Wednesday, November 11, 2009

Coast to Coast

Our second year here, the heat and driving don’t faze us, we have our favorite doubles stands, and we know more about what’s going on around Trinidad. Last year, we celebrated Diwali by lighting off fireworks. This year, we propelled ourselves from the north-eastern tip of Trinidad to the north-western in an adventure race called Coast to Coast. As race day approached, I still wasn’t convinced I could do it, but Aaron’s enthusiasm and my curiosity got us and our relay team mates, Mark and Karen, to the debriefing meeting. Of the 40 competitors, three were women, four had come from other countries to compete (from Australia, St. Maarten’s, the UK, and Canada), and nobody’s body fat was over 10%.
The first leg started in Toco at 6AM. As the sun pinked up above the water, at the point of the peninsula, the cyclists gathered on a quiet road surrounded by banana and haliconia plants. It was a small and tall enough crowd that my chances of coming in last were distinctly possible.
We ran 1.5 k to our bikes on the beach, put on our bike gear, and began the 32 k ride to Matelot. The road felt more like a single-track mountain biking trail; taking your eye off the road for one second meant a flat tire. For most of it, the beach was on my right, giant green leaves drooped in a canopy over the road, and I was happy. And then I reached the “Do you believe in God? Hill” that the bike shop guy had warned us was right at the end. Only the adrenaline of knowing I was nearly done got me to the top, where people pointed to a bridge so narrow we were required to carry our bikes across it. Karen tore off my Velcro timer and took off for the 32 k bush-and-beach hike to Blanchisessuse.

Aaron had finished the bike leg before me, but paused briefly to drop his bike gear before starting the run himself. We’d all done this leg last year, but to run it solo increased the challenge immensely.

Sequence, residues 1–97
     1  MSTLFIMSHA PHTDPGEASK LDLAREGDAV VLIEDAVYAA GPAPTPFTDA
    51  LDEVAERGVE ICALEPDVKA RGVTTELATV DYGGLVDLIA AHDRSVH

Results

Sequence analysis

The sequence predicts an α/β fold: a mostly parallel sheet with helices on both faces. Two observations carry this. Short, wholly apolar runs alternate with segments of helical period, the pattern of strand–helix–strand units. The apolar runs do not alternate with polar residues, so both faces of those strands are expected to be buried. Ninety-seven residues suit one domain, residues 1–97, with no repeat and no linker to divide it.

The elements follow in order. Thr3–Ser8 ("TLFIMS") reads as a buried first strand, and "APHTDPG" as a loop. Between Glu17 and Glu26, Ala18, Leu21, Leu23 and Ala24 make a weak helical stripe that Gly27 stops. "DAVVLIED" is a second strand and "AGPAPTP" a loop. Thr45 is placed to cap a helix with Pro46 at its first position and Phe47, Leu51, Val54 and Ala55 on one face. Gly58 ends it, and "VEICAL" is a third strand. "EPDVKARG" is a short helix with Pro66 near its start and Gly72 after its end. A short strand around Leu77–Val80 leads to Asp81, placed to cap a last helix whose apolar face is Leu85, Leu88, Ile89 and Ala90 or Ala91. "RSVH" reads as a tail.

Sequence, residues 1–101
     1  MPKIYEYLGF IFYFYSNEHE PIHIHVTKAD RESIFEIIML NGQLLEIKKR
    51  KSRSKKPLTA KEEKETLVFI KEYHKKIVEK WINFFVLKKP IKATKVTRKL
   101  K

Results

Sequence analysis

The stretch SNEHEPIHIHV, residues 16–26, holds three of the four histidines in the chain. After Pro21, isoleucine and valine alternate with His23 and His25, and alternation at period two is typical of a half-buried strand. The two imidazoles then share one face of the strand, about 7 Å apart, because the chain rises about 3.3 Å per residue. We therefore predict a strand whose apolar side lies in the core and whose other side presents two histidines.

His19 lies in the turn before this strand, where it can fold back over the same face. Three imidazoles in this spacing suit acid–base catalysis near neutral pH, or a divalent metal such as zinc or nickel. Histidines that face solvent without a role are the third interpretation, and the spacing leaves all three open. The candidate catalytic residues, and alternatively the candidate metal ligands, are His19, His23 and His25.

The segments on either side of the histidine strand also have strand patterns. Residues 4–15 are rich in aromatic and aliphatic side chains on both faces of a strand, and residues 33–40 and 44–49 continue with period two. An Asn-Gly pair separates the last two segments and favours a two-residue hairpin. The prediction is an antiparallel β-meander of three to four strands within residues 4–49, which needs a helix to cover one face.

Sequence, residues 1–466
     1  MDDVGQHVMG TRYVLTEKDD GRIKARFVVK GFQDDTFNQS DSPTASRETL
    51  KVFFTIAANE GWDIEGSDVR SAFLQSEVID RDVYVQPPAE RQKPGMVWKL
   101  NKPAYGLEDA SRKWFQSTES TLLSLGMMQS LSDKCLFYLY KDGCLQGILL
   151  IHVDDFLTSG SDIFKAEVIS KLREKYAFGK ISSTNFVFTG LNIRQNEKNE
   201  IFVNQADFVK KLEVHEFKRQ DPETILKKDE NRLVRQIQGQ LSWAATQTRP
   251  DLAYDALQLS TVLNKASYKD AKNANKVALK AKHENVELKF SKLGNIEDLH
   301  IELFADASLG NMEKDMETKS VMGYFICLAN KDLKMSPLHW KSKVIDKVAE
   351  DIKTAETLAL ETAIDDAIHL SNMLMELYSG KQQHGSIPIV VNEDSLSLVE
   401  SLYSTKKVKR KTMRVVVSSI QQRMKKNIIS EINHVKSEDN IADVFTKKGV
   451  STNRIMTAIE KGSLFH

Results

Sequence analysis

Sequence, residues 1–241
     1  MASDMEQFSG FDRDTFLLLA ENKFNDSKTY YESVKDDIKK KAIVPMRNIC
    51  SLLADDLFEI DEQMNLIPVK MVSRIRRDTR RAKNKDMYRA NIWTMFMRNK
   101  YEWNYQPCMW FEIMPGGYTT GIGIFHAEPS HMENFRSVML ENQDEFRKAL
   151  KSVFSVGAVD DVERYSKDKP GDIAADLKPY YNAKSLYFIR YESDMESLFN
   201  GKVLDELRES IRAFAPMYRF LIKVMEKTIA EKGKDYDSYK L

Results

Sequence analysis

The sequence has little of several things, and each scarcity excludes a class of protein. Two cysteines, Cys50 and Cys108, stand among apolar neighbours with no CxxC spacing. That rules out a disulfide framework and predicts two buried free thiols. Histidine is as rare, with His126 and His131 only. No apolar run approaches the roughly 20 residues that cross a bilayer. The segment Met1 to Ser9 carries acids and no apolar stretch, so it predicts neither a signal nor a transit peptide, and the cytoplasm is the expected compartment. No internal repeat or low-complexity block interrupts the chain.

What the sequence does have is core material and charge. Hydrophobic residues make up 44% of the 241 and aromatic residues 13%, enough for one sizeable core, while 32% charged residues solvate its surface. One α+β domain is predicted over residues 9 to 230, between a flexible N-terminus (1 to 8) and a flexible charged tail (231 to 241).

Six hours later, they finished, and neither could talk much. We filled them up with Gatorade while we waited for Ashmir. Eventually, he appeared and told us that he’d gotten lost and had flagged down the Coast Guard. They’d offered him a ride but noted that that would disqualify him, so he asked them to take him back so he could start over from the beginning. He said that he couldn’t, as the ISPS athletics director, tell his kids he’d given up.

Sunday morning, the 62 k bike ride started at 5 AM. Right at 4:30, it started to pour rain. The hills started right away; I had to wonder what I was doing on this steep, slippery, and holey hill, all by myself, soaking wet, and completely blind since my bike light was too dim to be helpful. I didn’t start enjoying it until the sun came up around 6:30 and I began to pass familiar beaches. About halfway through, as I climbed up a 500 ft. hill at a grandma pace, I looked up and saw Aaron’s giant grin framed by the window as he yelled at me in Trini, “Push it, gyal!” (He’d started strong, but had thought that 2 extra tubes would be enough. The roads were so bad that he got three flat tires.)

I reached the top, only slightly teary, and stretched my legs and back while I cruised at 50 km/hr down-hill. I started to think I might be able to finish. And then I reached the final hill: Morne Coco Hill. The second I looked up, I was no longer on my bike; my body decided on its own that more was insanity. I stood there, in the road, for about 20 seconds, self-talking myself back on my bike. It worked, barely, and slowly, I reached the top. The last 5 k required soca—music designed to keep people going during the long hike of carnival. Finally, I reached Karen and she took off, slapping the bracelet on her wrist. Then, we had to go find Aaron, who had hitch-hiked back to town, and drive to Macaripe, where Karen’s 10 k running leg ended.

As we refueled and shared stories, The potholes! The dark! I passed that guy! I didn’t come in last!, we watched other competitors jump in kayaks to finish the last 32 k. The sweat and smiles, the perseverance and pride—every time it made for fantastic entertainment.

When Karen appeared, sprinting to the beach, I couldn’t stop hopping. She handed the bracelet to Mark and we all stood knee-deep in water to watch him paddle out of the bay and into the sky.

At the finish line, there was curry, a cricket game blaring on TV, and a masseuse. For the first time, the first place solo competitor was Trini. As he crossed, drummers drummed and people applauded and placed a medal around his neck. When Mark finished, Karen, Aaron, and I ran to meet him and run across the finish line with him. We were all a bit wobbly, especially Mark after sitting cramped among 7 foot swells for hours, but ecstatic that we finished. At the after-party, the announcers gave kudos and awards. One superwoman had completed the whole thing by herself. Karen and I looked at each other as we realized that spots 2 and 3 for Coast to Coast 2010 were up for grabs.

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